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__________________________1984 by George Orwell


STUDYWORLD STUDYNOTES

1984

 

Comprehensive Summary and Review of Part 3

Summary:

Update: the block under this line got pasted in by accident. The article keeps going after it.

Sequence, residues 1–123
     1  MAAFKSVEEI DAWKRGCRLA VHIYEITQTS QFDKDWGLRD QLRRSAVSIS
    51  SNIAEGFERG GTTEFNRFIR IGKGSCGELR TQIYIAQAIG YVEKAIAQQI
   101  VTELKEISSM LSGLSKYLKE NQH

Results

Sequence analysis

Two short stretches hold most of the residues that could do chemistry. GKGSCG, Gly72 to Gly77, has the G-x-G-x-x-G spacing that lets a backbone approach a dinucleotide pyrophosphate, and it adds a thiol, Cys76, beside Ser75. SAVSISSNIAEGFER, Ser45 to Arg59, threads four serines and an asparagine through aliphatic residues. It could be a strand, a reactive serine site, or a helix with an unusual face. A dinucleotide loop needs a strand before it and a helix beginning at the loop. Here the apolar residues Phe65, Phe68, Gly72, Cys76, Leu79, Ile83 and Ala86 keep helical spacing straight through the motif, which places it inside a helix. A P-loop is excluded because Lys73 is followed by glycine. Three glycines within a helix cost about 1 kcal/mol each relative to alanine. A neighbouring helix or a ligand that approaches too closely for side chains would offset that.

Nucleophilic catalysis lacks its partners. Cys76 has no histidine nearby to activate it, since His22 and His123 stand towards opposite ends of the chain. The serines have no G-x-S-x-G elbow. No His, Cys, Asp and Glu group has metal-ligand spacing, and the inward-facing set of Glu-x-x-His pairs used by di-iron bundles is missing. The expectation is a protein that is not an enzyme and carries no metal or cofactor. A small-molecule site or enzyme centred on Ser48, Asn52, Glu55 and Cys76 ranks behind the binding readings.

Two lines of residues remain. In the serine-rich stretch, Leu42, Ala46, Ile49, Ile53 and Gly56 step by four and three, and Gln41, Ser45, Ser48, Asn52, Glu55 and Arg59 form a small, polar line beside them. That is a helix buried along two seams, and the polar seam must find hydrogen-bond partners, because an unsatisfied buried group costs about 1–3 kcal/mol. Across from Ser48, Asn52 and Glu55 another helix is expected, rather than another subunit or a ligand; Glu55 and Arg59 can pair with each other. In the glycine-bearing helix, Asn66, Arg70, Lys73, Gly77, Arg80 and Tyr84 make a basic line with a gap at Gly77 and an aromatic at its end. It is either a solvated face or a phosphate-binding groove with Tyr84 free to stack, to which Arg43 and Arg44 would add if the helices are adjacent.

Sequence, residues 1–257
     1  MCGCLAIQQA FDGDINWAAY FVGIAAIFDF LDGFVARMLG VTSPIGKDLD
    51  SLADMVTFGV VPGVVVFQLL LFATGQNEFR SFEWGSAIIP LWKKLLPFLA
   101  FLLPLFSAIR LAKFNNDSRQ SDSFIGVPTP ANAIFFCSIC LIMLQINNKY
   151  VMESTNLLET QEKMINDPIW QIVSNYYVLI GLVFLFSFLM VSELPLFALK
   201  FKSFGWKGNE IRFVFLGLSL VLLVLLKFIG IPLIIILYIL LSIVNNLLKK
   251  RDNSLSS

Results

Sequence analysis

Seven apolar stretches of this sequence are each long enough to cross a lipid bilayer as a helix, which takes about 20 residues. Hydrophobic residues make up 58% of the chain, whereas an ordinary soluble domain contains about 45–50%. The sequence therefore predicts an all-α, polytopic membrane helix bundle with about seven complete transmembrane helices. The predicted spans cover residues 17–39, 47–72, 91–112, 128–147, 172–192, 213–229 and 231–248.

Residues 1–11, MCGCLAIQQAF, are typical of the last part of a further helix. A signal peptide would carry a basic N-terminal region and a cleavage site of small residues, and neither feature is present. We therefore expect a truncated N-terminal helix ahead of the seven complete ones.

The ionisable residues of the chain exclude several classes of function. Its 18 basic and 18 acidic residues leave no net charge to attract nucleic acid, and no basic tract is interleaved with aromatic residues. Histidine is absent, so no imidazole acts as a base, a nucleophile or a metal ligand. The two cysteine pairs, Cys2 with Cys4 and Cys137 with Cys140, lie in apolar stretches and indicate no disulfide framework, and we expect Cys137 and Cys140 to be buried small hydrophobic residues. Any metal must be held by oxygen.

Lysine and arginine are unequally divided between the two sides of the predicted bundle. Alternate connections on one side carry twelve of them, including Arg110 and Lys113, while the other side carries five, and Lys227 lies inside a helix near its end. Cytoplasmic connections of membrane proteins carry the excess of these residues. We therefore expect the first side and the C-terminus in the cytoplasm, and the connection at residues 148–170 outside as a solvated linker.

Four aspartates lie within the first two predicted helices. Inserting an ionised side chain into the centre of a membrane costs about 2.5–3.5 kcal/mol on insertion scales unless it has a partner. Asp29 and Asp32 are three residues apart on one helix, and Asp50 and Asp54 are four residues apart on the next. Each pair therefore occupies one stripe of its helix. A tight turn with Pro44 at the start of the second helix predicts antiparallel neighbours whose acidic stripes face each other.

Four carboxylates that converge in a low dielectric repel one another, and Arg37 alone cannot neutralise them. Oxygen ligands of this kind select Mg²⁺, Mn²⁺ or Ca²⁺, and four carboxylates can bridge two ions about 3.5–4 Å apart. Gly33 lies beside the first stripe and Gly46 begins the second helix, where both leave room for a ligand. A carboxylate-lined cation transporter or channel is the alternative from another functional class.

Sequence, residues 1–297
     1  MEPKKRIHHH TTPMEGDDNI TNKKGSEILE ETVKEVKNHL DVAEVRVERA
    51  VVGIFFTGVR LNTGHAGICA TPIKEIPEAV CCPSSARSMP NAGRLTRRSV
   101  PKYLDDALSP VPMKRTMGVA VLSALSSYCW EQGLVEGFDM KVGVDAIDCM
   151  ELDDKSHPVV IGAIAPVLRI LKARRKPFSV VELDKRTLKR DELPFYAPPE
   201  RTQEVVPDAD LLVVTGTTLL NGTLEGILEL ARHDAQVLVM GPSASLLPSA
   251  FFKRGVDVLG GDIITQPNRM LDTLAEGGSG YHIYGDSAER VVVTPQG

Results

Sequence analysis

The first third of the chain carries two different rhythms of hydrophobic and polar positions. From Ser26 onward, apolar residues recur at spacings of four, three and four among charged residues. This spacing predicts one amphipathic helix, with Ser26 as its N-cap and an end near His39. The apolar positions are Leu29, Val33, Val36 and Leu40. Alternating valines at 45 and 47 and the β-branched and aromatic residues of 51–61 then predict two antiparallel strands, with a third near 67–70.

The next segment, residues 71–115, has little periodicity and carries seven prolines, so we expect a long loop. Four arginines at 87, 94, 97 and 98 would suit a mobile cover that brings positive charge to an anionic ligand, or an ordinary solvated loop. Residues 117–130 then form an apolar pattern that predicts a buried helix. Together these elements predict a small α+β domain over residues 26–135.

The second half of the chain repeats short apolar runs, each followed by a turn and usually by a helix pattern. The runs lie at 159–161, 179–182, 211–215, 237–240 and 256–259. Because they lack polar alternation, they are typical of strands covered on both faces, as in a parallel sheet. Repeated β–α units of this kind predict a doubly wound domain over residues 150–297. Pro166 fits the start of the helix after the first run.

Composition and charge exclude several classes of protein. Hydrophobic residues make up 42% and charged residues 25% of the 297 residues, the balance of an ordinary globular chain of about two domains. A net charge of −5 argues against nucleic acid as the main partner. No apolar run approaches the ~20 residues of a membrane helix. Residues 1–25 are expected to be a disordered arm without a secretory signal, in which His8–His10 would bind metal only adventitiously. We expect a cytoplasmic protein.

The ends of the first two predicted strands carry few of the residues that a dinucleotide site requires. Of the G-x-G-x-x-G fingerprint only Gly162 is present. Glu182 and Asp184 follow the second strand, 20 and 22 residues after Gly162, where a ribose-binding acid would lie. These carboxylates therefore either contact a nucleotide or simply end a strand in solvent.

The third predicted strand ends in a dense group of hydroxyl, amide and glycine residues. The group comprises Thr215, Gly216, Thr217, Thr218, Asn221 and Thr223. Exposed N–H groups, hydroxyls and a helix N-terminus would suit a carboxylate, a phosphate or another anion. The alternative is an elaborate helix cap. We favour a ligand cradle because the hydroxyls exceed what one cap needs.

Winston is in a cell in what he presumes is the Ministry of Love. He is sick with hunger and fear, and when he makes a movement or a sound, a harsh voice will bawl at him from the four telescreens. A prisoner who is dying of starvation is brought in, his face is skull-like. Later the man is brought to "Room 101" after screaming and struggling, and even offering his children's sacrifices in his stead. O'Brien enters. Winston thinks that they must have got him too, but O'Brien says that they got him long time ago. A guard hits Winston, and he becomes unconscious. When he wakes up he is tied down to a kind of bed. O'Brien stands beside the bed, and Winston feels that O'Brien, who is the torturer, is also somehow a friend. The aim of O'Brien is to teach Winston the technique of Doublethink, and he does it by inflicting pain in ever-increasing intensity. He reminds Winston that he wrote the sentence:" Freedom is the freedom to say that two plus two makes four". O'Brien holds up four fingers of his left hand, and he asks Winston how many there are. Winston answers four a couple of times, and each time the pain increases (this is not done to make Winston lie, but to make him really see five fingers instead of four). At the end of the session, under heavy influence of drugs and agony, Winston really seas five fingers. Now Winston is ready to enter the second stage of his integration (1. Learning, 2. Understanding, 3. Acceptance). O'Brien now explains why the Party works. The image he gives of the future is that of a boot stamping on a human face - for ever. Winston protests, because he thinks that there is something in the human nature that will not allow this, he calls it "The Spirit of Man". O'Brien points out that Winston is the last humanist, he is the last guardian of the human spirit. Then O'Brien gets Winston to look at himself in the mirror, Winston is horrified what he sees. The unknown time of torture has changed him into a shapeless and battered wreck. This is what the last humanist looks like. The only degradation that Winston has not been trough, is that he has not betrayed Julia. He has said anything under torture, but inside he has remained true to her. Winston is much better now. For some time he has not been beaten and tortured, he has been fed quite well and allowed to wash. Winston realises that he now accepts all the lies of the Party, that for example Oceania was always at war with Eastasia, and that he never had the photograph of Jones, Aaronson, and Rutherford that disproved their guilty. Even gravity could be nonsense. But nevertheless Winston has some unorthodox thoughts that he cannot suppress. But now it is time for the last of the three steps, reintegration. Winston is taken to Room 101. O'Brien says that the room 101 is the worst thing in the world. For each person it is his own personal hell. For some it is death by fire or burial alive. For Winston it is a cage containing two rats, with a fixture like a fencing mask attached, into which the face of the victim is strapped. Then there is a lever, that opens the cage ,so that the rats can get to the face. O'Brien is approaching nearer with the cage ,and Winston gets the bad smell of the rats. He screams. The only way to get out of this is to put someone else between him and the horror."Do it to Julia", he screams in a final betrayal of himself. Winston is released, and he is often sitting in the Chestnut Tree Café, drinking Victory Gin and playing chess. He now has a job in a sub-committee , that is made up for others like himself. On a cold winter day he meets Julia, they speak briefly, but have little to say to each other, except that they have betrayed each other. A memory of a day in his childhood comes to Winstons' mind; It is false, he is often troubled by false memories. He looks forward to the bullet, they will kill him some day. Now he realises how pointless it was to resist. He loves Big Brother!